Faster than the speed of sound, an airborne instrument of destruction, able to carry devastating charges including rockets and bombs, easily mistaken in its triangular, delta wing shape for an Area 51 type UFO - and it can be yours for a mere $175,000...and better yet, for you, is that the price is negotiable.

Just pay and pick it up at the Stockton, California airport.


...oh, yes...also be prepared to spend five dollars a gallon for gas...and, did we mention it eats over 500 gallons an hour?

The machine that's up for sale is a Swedish J35 Draken ("Draken" in Swedish means "kite" or "dragon"). It was the pride of Scandinavia's Cold War defenses, built by SAAB aviation. And it's not particularly out of date. Some remain in use, and have only vanished from Swedish skies in the nineties. Plus, since, it was the direct predecessor of its now plentiful JAS Gripen combined fighter and attack supersonic sister, it will probably be your last chance for at least 4-5 years to get a great deal on a piece of Swedish aerial surplus.

Back in 1960, Sweden sought a high altitude air defense interceptor. It entered service that same year and proved to be a reliable and durable aircraft that Denmark, Finland and Austria also bought for their air defenses. A single seat, double delta wing fighter, the J35 Draken originally cost about half a million dollars apiece, and it was capable of standing nose to nose in any aerial battle with the infamous Soviet Mig fighter jets.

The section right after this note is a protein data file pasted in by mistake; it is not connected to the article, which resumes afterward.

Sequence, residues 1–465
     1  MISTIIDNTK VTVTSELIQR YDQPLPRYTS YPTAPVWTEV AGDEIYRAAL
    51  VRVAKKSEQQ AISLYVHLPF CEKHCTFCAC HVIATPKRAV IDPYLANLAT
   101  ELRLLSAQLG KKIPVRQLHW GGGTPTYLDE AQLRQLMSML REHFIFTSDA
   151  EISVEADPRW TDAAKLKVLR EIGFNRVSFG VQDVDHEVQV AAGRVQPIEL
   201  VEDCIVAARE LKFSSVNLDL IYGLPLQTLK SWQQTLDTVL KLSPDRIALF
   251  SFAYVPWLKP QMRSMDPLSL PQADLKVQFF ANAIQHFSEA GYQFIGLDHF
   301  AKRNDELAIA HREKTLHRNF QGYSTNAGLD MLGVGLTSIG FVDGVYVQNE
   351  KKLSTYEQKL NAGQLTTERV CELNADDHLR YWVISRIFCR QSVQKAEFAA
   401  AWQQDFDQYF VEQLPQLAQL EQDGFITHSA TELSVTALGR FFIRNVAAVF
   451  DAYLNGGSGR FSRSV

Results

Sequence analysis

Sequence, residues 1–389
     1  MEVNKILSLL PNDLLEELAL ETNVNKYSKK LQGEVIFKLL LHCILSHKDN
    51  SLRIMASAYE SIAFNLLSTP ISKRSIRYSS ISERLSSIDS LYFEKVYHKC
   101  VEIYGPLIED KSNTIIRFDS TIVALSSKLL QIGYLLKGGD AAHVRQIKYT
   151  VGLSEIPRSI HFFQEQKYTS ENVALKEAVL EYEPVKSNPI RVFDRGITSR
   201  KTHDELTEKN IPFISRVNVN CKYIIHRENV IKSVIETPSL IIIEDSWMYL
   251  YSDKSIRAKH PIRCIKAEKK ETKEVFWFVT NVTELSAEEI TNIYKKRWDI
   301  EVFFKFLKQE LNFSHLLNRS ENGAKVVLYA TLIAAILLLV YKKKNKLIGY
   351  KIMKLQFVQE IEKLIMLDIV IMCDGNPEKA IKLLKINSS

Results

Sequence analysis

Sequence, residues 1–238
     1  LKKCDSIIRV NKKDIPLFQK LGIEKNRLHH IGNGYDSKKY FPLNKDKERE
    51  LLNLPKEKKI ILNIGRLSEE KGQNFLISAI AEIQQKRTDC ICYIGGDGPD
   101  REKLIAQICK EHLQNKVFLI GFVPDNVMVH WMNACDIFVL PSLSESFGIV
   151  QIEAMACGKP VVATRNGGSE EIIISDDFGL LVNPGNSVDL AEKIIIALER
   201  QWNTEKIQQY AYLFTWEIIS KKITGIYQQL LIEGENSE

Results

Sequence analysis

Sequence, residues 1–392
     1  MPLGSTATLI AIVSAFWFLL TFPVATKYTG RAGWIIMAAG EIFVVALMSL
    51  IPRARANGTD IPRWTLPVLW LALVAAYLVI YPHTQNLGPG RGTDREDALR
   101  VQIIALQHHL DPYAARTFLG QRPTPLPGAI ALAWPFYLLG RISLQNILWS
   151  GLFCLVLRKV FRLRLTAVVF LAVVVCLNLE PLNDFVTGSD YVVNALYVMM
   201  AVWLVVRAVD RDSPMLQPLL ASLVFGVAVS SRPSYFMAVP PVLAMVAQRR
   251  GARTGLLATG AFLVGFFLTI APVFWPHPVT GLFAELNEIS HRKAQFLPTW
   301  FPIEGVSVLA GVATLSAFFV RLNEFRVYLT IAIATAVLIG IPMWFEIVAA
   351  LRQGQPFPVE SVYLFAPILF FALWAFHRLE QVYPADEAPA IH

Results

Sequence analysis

Firing its afterburners, it can climb at almost 35,000 feet per minute until it reaches two times the speed of sound and climbs to heights up to 60,000 feet (with a space-suite type pressure costume for the pilot). Unfortunately, the standard set of two 30mm automatic cannons and its Sidewinder air to air missiles have been removed, but on the other hand, that will get some better miles per gallon.

Some remain in use, and today, one is parked at a hangar at Stockton Metropolitan Airport and its owner, Wolfe Aviation, is trying to sell the gas guzzling war bird to anybody who wants to fly far under its rated supersonic speed inside the USA (except with permission at Edwards Air Force Base). Otherwise, the prospective owner can only push the J35 Draken's pedal to the metal at sea and outside the American territorial limits.

Renovated a decade ago, this J35 Draken performed in 2003 at a Reno, Nevada air show, but fuel cost is the main reason that collectors and air museums are less than enthusiastic to own this classic jet. Replacement parts and tools are another added expense its future owner will encounter. But if you've got the space in your backyard, this is by far the Christmas Gift to satisfy youngsters (or the young at heart dad) in your affluent family.

For more info and to make your offer: